Letter | Save Art History at La Trobe

Patrick McCaughey, former director of the National Gallery of Victoria and the Yale Centre for British Art, has kindly allowed his letter protesting the slashing of art history from La Trobe to the Vice Chancellor of La Trobe university to be published. Dear Vice-Chancellor, Some colleagues  have contacted me recently about the possible closing of the art history program at La Trobe University. If this is the case, I write now to urge you to re-consider the matter. Everybody would recognize that times are tough for Australian universities in general and for the humanities in particular. Having to close down good academic programs and limiting the offerings of the university must be an unpleasant aspect of academic administration. You have my sympathy. The discipline of  art history in Australia in general is practiced at a particularly high level amongst the humanities.…

News and Writing on Art and Art History | July 9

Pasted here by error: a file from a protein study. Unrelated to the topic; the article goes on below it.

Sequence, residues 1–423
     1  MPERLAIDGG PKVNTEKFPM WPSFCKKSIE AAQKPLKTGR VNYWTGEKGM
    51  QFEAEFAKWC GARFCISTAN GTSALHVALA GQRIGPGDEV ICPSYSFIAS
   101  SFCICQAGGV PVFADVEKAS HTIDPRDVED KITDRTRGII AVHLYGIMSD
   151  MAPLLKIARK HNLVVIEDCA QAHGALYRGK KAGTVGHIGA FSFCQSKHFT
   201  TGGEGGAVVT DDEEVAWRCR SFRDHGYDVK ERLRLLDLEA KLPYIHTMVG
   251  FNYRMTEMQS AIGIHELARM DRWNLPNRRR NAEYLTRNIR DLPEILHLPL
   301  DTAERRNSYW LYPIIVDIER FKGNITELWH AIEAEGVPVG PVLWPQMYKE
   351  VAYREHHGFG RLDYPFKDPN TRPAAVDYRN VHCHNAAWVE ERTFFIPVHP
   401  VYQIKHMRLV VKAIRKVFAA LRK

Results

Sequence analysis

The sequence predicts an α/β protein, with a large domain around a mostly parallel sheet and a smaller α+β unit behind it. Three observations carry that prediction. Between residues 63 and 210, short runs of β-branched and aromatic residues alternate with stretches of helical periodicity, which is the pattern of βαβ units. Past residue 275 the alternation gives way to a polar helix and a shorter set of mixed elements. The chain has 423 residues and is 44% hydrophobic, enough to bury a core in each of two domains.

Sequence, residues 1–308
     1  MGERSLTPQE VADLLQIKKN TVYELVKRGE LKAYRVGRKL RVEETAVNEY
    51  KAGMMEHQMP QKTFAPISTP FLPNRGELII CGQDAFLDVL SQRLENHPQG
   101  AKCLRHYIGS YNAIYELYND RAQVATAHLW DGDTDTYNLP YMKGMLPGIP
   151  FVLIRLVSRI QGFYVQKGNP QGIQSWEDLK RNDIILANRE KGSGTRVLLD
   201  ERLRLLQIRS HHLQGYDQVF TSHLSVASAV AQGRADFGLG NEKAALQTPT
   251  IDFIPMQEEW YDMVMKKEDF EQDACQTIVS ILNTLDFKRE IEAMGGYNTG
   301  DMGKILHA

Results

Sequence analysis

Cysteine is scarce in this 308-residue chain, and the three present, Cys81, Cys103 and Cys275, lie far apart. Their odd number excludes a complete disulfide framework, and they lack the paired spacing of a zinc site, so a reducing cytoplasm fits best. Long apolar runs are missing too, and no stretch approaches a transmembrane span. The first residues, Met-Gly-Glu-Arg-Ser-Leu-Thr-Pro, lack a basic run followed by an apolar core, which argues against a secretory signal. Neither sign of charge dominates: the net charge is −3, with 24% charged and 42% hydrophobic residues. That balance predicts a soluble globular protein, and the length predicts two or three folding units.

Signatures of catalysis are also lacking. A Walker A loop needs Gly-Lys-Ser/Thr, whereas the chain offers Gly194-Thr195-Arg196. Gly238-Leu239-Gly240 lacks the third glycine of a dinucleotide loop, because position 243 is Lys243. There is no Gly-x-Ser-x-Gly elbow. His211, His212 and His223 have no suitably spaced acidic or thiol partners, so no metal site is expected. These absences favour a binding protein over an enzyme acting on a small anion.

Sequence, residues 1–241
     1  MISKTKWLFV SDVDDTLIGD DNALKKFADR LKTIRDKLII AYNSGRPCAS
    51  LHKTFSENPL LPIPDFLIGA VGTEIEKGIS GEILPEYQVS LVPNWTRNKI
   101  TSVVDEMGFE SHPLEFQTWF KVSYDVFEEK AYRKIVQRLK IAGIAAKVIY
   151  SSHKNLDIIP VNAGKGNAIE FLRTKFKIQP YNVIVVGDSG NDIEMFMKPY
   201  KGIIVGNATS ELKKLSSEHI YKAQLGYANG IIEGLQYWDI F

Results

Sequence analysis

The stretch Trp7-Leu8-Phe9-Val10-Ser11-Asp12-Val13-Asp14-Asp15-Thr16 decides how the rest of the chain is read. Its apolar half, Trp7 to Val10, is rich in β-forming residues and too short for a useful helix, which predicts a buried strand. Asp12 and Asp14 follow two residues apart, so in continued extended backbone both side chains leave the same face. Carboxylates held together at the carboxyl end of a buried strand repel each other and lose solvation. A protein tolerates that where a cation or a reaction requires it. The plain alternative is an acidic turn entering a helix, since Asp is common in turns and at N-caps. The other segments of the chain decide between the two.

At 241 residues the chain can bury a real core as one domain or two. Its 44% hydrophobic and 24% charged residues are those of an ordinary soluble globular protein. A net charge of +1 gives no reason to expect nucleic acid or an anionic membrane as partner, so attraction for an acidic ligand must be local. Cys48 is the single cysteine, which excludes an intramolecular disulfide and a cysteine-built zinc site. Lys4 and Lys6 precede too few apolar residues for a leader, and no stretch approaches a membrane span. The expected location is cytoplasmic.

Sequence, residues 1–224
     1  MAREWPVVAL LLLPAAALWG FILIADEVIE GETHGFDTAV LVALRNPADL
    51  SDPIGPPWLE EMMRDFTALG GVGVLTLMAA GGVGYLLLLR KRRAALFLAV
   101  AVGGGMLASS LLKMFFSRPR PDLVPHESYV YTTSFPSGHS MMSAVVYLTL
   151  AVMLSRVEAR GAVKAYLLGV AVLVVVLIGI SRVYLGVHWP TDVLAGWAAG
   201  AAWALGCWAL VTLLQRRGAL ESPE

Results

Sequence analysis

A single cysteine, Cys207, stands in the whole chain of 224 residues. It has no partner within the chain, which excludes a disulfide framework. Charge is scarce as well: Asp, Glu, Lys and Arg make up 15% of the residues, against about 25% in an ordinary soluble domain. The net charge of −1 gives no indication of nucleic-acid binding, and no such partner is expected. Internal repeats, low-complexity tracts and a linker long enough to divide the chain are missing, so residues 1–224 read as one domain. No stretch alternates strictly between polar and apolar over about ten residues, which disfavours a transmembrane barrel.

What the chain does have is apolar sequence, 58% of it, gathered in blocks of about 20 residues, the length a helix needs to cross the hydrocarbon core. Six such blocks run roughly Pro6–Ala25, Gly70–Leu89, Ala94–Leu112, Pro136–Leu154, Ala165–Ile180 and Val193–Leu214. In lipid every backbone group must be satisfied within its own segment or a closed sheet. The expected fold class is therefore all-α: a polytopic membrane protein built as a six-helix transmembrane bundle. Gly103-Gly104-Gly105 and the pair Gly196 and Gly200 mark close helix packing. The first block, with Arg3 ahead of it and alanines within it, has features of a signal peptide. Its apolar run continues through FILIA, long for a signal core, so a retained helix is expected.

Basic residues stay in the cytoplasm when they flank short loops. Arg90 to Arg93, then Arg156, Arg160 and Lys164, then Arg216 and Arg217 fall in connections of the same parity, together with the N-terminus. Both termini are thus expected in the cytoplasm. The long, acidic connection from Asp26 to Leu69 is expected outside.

News and Writing on Art and Art History | July 9 Katrina Grant The art news buzzing around the internet late last week was that two Italian art historians had announced that they had identified ‘100 new Caravaggio’s’ in the form of drawings (there are some images on the La Repubblica site). The claim has been met with scepticism, with scholars such as Keith Christiansen, who described it as ‘sensationalism’, and John T. Spike both suggesting the drawings are more likely to simply be ‘studio of Peterzano’, or similar. Spike has also pointed out that many of the drawings are in more technically adept that some of Caravaggio’s early paintings (which would post-date the drawings). The curators at Milan’s Castello Sforzesco, where the collection is held, also claim that the scholars in question never visited the gallery and haven’t actually viewed the drawings in…